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  • Red Knot Travelling Exhibition at the Second Tianjin International Bird-watching Competition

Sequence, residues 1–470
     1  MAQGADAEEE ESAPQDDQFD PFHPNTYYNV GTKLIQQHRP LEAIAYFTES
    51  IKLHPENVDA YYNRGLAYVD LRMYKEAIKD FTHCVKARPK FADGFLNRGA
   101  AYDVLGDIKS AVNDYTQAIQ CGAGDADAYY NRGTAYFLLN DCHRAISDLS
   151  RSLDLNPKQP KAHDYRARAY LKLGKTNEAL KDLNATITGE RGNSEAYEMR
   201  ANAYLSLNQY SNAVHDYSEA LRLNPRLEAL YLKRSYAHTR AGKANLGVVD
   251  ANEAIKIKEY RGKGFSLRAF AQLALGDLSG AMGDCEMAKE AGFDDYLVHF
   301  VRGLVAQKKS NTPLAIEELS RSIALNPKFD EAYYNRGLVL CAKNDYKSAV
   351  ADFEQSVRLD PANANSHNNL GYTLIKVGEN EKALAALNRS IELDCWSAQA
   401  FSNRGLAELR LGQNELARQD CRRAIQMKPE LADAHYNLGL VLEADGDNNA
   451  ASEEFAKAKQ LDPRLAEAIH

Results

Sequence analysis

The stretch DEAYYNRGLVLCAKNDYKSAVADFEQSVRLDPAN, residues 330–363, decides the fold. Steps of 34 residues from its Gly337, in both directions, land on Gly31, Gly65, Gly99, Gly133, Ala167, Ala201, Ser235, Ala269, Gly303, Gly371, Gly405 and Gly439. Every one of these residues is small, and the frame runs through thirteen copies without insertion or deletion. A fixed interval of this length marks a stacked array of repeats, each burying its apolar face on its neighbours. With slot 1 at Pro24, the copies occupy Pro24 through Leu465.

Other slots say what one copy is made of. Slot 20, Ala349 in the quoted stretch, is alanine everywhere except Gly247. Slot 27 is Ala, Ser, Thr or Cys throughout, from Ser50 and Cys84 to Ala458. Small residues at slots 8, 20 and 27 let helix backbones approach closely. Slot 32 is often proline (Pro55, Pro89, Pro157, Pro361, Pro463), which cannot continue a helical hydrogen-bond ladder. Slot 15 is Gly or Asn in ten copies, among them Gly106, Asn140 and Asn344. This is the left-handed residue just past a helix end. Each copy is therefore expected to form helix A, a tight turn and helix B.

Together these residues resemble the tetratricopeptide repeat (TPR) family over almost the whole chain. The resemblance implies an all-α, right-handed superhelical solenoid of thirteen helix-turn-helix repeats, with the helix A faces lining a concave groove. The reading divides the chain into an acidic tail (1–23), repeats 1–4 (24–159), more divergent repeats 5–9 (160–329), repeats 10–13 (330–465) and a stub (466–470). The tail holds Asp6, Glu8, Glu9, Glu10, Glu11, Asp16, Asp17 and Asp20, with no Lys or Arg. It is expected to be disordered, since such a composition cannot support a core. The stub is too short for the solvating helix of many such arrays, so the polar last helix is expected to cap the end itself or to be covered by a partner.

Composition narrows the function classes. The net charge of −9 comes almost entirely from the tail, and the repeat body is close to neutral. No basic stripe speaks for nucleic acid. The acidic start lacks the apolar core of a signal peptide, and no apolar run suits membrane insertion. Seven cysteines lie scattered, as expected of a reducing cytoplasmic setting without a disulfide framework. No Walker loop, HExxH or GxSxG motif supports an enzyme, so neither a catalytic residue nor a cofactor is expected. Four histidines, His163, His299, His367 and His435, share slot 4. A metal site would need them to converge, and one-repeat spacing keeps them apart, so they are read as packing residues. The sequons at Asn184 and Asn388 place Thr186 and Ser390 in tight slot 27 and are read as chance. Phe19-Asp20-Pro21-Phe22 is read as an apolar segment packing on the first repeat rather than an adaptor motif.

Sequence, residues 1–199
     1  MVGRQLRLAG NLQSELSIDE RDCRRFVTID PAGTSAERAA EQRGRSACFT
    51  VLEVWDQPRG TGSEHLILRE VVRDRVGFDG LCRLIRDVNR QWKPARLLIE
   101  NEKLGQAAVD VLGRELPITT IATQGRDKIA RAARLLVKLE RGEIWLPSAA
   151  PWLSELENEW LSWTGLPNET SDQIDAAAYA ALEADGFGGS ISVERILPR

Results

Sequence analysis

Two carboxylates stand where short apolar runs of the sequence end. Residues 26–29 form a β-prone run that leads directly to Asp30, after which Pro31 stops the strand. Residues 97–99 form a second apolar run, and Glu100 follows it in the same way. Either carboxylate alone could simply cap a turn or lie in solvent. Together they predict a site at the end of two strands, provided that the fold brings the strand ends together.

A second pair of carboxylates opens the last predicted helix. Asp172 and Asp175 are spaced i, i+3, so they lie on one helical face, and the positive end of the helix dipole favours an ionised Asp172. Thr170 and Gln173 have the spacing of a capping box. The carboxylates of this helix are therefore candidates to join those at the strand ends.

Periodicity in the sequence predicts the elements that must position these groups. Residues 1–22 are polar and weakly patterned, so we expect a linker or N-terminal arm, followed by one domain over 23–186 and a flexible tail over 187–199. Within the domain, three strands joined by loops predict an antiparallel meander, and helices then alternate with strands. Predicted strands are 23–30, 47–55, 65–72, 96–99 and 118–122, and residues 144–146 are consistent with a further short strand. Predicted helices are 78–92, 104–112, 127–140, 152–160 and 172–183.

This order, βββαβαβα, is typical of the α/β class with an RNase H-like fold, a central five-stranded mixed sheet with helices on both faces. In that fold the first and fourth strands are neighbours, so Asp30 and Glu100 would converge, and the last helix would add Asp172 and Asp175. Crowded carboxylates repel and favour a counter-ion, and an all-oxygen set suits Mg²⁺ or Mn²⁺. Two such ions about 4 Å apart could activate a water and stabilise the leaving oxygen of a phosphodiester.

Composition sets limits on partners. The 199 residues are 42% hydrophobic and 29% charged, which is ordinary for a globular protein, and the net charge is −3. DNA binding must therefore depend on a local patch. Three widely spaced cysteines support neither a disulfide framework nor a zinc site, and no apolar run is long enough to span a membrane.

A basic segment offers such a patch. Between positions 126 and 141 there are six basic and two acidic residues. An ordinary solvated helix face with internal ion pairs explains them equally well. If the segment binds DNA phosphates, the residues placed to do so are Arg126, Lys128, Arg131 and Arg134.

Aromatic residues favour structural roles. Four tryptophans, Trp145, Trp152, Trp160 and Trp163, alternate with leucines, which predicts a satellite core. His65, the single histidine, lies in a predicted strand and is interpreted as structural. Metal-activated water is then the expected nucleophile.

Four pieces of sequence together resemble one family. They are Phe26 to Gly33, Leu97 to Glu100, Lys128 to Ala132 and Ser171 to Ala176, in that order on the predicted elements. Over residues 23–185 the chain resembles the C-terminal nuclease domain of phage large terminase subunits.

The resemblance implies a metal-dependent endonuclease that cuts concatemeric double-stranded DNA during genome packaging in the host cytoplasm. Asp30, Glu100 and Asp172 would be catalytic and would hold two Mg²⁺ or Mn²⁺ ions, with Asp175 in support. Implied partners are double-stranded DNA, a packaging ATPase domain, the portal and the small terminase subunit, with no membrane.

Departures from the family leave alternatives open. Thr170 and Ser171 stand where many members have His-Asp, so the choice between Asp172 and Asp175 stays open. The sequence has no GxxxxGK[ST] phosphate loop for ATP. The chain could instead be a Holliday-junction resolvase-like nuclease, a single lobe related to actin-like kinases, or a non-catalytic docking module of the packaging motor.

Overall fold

©CBCGDF Shuya Huang, Linda Wong, Jinfeng Zhou, CBCGDF On March 16th-18th, 2018, the Second Tianjin International Bird-watching Competition was officially launched at Tianjin Binhai New Area (Bohai Bay) in the Northern China. The Competition was hosted by the China Biodiversity Conservation and Green Development Foundation (CBCGDF) along with Tianjin authorities. This Competition also attracted numerous local and national media. Twenty domestic and international birding teams gathered for this event (including 5 international teams, composed of British, German, Singaporean, Indian, Pakistani, and Kenyan bird lovers). In total, 96 species of migratory birds, including the endangered relict gull and great bustard, were identified and verified by the judges during the competition day. The Bohai Bay is located along the East Asian-Australasian Flyway (EAAF) of migratory waterbirds. The vital mudflat supports more than 30 species of shorebirds year-round, including the attractive Red Knot. Collaborating with EAAFP and the “Year of the Knots 2017-2018” initiative, CBCGDF brought the “Red Knot Travelling Exhibition” to Tianjin, China, and aimed to raise public awareness on this particular bird through the comprehensive artwork presentation. The representative from CBCGDF presented the characteristics of the Red Knot and shared interesting information about its migratory habits and the routes from January to December to the participants and volunteers. The artwork provided by Janet Essley and the biologist Lee Tibbitts especially captivated the audience and assisted them to clearly visualize the descriptions. After the presentation, the audience continued to ask questions about the reasoning behind the Red Knot’s preferred migratory route and its favourite food at the staging locations along the EAAF. The public greatly enjoyed the introductory panels as well. With the hard work of the organizers, media, participants, and volunteers, the Red Knot Travelling Exhibition and the Second Tianjin International Bird-watching Competition turned out to be huge successes. ©Tian Jiguang The China Biodiversity Conservation and Green Development Foundation (CBCGDF) is an independent non-governmental organization (NGO) dedicated to environmental protection and biodiversity conservation. As a partner with the United Nations Convention on the Conservation of Migratory Species of Wild Animals (CMS), the NGO was originated from the Milu reintroduction in 1985. China's leading conservation is with about 50 staff and thousands of registered volunteers. With a public fundraising license, CBCGDF funded hundreds of grassroots NGOs and individuals in past 3 years, and hosted many biodiversity projects and environmental events around the country to aware the people, encourage the people, and empower the people. Protecting migratory birds and the habitats on which they depend are important tasks of CBCGDF. In recent years, CBCGDF has been consistently promoting the conservation of the migratory birds, as well as their critical habitat (e.g. intertidal zone, mudflats, and wetlands) through various channels. All authors are from China Biodiversity Conservation and Green Development Foundation (CBCGDF). Shuya Huang is the corresponding author, and her email is hsy@cbcgdf.org.